Global experts shed light on ways Australia can create age-friendly dwellings.
Two international experts on age-friendly housing designs and cities have shared their knowledge at an Australian public lecture.
The event, hosted by Monash University’s faculty of design and architecture, featured presentations on international approaches to the design of housing and neighborhoods for older people by Arnoud Gelauff, director of Dutch architecture firm Arons en Gelauff, and Ruth Finkelstein, director of Age-friendly New York City.
The public lecture was part of the university’s Space of Ageing research initiative. Nigel Bertram, practice professor of architecture at Monash University, says the Space of Ageing program will seek to develop a series of research projects, “moving from the scale of the dwelling out to the scale of the street and beyond”, adding that the initiative will propose new ways of thinking about original and retrofitted dwellings and neighbourhoods.
“Already there are 3 million people over 65 living in our cities, and by 2030 this number will have doubled to 6 million,” Bertram says. “Around 90 per cent of people over 65 live in their homes in the community like everyone else, with only a small percentage of people living in age-specific accommodation, such as retirement villages.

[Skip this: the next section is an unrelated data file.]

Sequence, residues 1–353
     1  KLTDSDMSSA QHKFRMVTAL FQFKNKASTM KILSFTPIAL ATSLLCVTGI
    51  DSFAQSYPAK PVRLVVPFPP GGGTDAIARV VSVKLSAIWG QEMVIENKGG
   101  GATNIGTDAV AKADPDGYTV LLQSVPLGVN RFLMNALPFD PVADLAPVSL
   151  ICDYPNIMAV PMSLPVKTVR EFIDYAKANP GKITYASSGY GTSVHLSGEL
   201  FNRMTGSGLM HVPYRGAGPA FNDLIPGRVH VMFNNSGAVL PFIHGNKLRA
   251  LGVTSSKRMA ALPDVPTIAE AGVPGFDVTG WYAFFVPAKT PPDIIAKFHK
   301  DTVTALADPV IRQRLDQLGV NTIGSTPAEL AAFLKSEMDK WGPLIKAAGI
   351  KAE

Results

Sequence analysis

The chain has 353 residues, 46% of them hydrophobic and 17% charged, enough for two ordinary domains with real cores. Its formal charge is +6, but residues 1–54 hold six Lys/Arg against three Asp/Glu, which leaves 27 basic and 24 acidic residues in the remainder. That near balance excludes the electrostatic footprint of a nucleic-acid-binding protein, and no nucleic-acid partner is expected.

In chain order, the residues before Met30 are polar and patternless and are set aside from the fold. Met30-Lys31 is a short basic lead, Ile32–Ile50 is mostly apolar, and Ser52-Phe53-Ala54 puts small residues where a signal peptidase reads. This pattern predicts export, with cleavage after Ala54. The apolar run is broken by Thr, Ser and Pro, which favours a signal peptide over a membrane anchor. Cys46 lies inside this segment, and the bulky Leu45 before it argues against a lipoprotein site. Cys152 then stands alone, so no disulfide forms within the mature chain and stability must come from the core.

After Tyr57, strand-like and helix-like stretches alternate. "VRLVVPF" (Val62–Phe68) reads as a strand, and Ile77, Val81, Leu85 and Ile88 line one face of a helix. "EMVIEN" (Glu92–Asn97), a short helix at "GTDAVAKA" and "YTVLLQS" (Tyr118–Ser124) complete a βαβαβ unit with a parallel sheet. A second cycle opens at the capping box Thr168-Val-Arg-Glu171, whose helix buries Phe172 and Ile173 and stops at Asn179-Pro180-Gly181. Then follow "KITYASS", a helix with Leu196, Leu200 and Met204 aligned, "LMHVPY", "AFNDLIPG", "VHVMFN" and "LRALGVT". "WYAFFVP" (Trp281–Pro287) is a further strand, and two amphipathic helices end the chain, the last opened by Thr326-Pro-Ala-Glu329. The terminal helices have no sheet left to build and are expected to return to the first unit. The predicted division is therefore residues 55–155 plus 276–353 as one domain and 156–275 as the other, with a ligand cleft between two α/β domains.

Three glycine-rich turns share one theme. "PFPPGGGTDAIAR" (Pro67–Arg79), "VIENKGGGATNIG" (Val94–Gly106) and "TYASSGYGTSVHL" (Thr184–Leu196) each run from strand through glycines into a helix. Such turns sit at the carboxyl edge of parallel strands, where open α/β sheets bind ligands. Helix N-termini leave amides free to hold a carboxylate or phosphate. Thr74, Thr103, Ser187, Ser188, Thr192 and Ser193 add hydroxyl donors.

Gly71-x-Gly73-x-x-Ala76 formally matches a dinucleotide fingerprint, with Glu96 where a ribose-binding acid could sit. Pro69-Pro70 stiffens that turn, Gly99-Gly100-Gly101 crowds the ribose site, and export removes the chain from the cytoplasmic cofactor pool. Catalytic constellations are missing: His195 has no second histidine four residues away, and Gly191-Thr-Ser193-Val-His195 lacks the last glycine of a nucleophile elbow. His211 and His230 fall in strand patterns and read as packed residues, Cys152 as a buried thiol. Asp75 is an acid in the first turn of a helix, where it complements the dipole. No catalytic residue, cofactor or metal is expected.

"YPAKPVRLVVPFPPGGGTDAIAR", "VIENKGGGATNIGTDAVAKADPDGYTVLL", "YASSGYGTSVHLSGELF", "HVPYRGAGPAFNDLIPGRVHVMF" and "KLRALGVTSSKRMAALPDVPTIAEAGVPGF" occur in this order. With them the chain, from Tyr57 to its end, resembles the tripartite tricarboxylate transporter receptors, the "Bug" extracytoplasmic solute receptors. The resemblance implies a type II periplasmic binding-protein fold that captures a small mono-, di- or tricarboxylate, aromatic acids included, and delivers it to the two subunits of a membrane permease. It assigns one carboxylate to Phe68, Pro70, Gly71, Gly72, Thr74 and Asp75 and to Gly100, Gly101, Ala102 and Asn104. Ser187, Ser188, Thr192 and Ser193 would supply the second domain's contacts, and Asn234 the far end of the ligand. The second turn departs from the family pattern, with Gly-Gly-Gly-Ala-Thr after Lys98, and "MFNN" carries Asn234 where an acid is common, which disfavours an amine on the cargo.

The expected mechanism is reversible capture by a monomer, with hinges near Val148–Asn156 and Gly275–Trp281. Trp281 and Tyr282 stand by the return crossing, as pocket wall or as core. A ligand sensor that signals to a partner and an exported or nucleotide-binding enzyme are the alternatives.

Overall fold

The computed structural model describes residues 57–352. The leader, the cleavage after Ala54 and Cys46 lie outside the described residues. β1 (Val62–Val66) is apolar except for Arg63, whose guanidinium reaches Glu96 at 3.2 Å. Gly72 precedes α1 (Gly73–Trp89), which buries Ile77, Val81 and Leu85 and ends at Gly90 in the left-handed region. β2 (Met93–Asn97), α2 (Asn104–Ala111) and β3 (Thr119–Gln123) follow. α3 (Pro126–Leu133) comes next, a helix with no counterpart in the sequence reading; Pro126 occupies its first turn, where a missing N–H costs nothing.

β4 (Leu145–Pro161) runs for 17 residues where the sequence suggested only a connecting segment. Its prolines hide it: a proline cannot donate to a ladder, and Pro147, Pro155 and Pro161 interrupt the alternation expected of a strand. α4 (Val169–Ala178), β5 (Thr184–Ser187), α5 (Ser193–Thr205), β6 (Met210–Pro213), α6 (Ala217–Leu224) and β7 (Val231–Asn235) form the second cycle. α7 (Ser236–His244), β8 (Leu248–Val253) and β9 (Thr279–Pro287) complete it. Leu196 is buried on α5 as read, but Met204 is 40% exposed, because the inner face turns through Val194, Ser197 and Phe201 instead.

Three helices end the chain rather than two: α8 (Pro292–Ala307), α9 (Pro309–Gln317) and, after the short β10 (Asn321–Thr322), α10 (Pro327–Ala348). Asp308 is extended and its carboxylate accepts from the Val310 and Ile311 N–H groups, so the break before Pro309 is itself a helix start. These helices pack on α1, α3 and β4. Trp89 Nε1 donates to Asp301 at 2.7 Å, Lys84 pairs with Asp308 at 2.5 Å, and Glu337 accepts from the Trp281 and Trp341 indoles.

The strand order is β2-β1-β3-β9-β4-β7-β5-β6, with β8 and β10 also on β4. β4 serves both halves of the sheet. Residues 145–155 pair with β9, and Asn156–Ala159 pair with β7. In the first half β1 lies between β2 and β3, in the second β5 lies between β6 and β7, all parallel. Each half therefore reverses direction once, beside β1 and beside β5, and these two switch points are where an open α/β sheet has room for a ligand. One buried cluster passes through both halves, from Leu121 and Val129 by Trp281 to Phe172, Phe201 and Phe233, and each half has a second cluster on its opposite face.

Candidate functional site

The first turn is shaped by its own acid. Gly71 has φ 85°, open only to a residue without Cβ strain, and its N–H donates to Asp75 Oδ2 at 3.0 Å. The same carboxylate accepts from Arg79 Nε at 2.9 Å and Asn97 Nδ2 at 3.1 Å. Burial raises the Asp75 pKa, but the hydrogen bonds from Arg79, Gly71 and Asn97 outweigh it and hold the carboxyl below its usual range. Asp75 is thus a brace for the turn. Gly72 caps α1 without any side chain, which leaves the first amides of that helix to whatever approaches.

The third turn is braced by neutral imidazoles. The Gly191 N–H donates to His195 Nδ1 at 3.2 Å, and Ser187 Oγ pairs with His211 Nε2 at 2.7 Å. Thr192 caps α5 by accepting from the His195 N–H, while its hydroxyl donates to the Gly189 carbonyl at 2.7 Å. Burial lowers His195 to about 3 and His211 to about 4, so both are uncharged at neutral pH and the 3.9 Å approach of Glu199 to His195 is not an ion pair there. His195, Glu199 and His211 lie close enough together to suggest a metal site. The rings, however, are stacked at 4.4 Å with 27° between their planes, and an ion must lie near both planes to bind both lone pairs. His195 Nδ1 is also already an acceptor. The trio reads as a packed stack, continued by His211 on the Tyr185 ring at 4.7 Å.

“The current ageing population will continue to live in their communities for a range of reasons, including a desire to ‘age in place’, their lifestyle expectations, an insufficient amount of age-specific accommodation, as well as new technologies that enable healthcare to be delivered at home,” he says.
Bertram says that because the majority of people will live out most of their lives in cities, the urban environment needs to be adjusted to meet the needs of this cohort.
“So far, our city planners and developers are very slow to respond in providing alternative housing choices and age-friendly urban environments that address the needs of older Australians,” he says, adding that the project’s focus is on making improvements in these areas by looking at best practice from around the world.
Bertram says Dutch architectural firm Arons en Gelauff was looked at due to the way its designs integrated medical support.